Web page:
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Michaux v. Bayer Corp.

December 16, 2009

EUGENE MICHAUX PLAINTIFF,
v.
BAYER CORPORATION, ET AL., DEFENDANTS.



The opinion of the court was delivered by: Simandle, District Judge

OPINION

HON. JEROME B. SIMANDLE

I. INTRODUCTION

This Court is asked to assess whether Defendants made an arbitrary and capricious determination with respect to whether Plaintiff was entitled to long-term disability benefits under his employee benefit plan. This matter is before the Court on Defendants' motion for summary judgment [Docket Item 12]. For the reasons explained below, the motion will be granted.

II. BACKGROUND

A. Plaintiff's Initial ERISA Complaint

In June 2005, Plaintiff filed a complaint with this Court alleging that Defendants violated the Employee Retirement Income Security Act ("ERISA"), 29 U.S.C. § 1132(a) by denying Plaintiff long-term disability (LTD) benefits. See Michaux v. Bayer Corp. ("Michaux I"), 05-CV-1430, 2006 WL 1843123, at *4 (D.N.J. June 30, 2006).*fn1

Plaintiff went on a leave of absence from his job as a plant engineer in August 2003, claiming that he was unable to perform his duties due to severe knee pain. Plaintiff was granted short-term disability pay under Bayer's disability plan and applied for LTD benefits on January 19, 2004. In his application, Plaintiff attributed his disability to left knee and back pain.

Under Bayer's LTD plan, a claimant must prove that he or she is "totally disabled" in order to be eligible for benefits. The term "totally disabled" is defined, for purposes of long-term disability, as being "unable to perform the essential duties of your regular occupation" for the six months of LTD eligibility and then "unable to work at any job for which you are or could become qualified by education, training or experience for any period after the first six months of LTD eligibility."*fn2 The Plan Administrator has discretion to make final determinations as to any facts necessary or appropriate for any purpose under the Plan, to interpret the terms and provisions of the Plans and to determine any and all questions arising under the Plans.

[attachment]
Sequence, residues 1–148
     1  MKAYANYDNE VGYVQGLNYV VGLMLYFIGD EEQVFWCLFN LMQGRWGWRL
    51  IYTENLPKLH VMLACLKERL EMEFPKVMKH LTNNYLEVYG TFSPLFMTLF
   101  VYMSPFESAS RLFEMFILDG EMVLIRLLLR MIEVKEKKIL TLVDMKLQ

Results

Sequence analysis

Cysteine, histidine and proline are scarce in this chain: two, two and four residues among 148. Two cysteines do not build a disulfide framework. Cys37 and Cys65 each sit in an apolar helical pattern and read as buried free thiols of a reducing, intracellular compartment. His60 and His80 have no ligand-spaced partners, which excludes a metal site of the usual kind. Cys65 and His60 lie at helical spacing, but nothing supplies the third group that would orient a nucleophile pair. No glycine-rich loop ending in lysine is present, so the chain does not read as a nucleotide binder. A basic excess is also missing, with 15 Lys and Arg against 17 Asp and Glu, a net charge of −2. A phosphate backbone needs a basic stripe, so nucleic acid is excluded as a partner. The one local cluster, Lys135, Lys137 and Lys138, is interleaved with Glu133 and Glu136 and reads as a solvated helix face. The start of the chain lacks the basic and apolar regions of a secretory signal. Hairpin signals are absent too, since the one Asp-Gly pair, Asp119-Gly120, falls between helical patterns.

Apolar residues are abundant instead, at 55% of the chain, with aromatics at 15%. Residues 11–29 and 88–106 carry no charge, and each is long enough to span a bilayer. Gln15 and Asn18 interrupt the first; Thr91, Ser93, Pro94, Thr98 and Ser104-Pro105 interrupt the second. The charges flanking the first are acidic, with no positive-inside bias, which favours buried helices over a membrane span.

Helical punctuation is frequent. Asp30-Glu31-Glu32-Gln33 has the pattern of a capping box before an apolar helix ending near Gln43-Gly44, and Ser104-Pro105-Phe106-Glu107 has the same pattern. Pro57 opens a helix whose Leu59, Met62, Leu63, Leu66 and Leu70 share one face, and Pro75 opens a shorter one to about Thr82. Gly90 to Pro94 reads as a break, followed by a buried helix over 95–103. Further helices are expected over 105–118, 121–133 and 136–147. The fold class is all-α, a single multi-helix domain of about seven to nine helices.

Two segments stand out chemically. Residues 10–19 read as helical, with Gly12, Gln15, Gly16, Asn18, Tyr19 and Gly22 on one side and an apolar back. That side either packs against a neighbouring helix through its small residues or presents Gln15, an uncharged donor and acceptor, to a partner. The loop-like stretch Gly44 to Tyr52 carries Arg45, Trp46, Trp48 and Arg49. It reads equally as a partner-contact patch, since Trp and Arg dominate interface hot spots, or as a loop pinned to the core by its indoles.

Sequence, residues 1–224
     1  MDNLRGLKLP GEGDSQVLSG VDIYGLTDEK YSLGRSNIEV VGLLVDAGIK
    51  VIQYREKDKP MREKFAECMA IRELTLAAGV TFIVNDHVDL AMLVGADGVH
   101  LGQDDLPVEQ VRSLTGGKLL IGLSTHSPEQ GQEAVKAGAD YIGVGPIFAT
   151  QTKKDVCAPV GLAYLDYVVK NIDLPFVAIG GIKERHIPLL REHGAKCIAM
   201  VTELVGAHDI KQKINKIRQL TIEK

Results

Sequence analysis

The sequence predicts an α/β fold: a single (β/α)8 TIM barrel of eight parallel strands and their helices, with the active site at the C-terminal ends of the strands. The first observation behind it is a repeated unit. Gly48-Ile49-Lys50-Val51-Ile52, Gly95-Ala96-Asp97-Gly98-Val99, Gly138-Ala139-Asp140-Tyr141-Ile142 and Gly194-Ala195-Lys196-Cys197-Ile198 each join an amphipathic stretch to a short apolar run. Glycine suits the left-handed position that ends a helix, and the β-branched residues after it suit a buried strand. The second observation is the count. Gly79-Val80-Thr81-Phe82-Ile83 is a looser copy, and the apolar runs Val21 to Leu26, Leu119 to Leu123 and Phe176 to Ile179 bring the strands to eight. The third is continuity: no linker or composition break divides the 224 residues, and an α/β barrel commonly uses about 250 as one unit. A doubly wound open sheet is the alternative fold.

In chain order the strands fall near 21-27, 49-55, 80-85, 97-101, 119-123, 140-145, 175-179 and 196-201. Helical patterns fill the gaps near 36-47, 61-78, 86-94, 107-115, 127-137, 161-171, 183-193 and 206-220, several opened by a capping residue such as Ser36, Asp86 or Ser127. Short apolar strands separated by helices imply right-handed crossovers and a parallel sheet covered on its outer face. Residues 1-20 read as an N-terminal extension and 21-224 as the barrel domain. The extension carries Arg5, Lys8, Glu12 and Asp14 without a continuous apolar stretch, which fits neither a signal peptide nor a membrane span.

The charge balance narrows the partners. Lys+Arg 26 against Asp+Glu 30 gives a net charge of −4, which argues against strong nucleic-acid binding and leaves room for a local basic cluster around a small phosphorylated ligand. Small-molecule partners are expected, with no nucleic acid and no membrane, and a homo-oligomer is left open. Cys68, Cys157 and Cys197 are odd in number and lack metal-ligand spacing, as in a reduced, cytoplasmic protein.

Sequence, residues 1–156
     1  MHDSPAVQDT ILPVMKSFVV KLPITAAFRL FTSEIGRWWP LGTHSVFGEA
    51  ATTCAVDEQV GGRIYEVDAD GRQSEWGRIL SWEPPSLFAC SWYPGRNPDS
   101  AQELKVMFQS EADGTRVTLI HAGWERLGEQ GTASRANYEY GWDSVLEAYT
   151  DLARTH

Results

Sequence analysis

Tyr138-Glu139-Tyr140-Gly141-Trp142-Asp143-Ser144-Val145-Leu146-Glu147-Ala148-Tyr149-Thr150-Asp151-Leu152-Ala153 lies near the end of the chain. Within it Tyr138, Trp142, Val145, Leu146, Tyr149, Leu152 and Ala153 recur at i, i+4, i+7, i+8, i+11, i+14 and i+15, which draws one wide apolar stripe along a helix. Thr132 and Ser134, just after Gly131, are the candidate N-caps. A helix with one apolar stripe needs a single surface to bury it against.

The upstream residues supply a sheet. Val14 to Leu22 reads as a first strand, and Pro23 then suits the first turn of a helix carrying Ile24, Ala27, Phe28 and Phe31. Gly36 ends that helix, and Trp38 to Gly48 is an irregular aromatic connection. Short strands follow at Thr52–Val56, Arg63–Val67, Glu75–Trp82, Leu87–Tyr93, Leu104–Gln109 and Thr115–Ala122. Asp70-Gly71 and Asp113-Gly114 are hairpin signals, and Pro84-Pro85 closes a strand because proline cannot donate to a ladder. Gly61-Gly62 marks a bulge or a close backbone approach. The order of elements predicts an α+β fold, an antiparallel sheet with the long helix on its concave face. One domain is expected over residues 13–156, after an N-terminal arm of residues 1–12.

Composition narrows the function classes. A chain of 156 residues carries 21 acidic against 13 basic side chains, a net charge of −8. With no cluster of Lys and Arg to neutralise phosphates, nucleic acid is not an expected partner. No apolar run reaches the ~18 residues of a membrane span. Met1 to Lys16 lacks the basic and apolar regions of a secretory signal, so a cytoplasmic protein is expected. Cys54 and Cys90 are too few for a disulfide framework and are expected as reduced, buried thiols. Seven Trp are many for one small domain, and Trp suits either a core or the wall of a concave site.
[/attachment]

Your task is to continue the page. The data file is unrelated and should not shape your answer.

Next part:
The initial LTD application was denied. Although Plaintiff offered some supporting medical opinion as to his limitations, the Review Committee credited the medical opinion of an independent doctor who disagreed with the conclusions of Plaintiff's doctors. Some time after the initial denial, Plaintiff was granted Social Security Disability Insurance (SSDI) benefits upon the Social Security Administration's determination that he was totally disabled. Plaintiff appealed his LTD denial to Bayer's ERISA Review Committee, which upheld the denial of benefits.

Reviewing the record in June 2006, this Court ruled that it could not determine whether the decision to deny Plaintiff LTD benefits on appeal was arbitrary and capricious, noting that Defendants' ERISA Review Committee failed to consider evidence related to Plaintiff's favorable determination by the Social Security Administration that he was totally disabled, and failed to have one of its reviewing physicians perform a physical examination of Plaintiff even after two of its reviewing physicians recommended such an examination be performed and Plaintiff's treating physicians had found disabling pain. The Court remanded the case back to Defendants' ERISA Review Committee for further administrative review and determination including examination of the Social Security records and either a physical examination or an explanation for why such an examination was not needed.

B. Plaintiff's Renewed ERISA Complaint

Upon remand, the Review Committee considered, along with the previous record: the information provided in Plaintiff's SSDI file; a report of a Dr. Steven Knezevich, an orthopedic surgeon who performed an independent medical evaluation (IME) of Plaintiff; a surveillance report from an investigative firm that followed Plaintiff, occasionally videotaping him; and a report from Plaintiff's chiropractor, Susan Welsh. (Joint App'x, Ex-A, at 2.)

Regarding the SSDI determination, the Review Committee examined and disagreed with the determination, finding that "the SSDI records . . . do not support the conclusion of the agency, and certainly do not persuade the Committee." (Id. at 5.) The Review Committee concluded that the only new medical evidence presented for the determination of SSDI that was not considered by the Review Committee previously - a medical examination performed by Dr. Tim Pinsky - did not support the Social Security Administration's determination. (Id. at 3.) Dr. Pinsky's report observed that there was "a paucity of objective diagnostic studies to substantiate [Plaintiff's] subjective complaints" and that "calluses on the palmar surface of each ...


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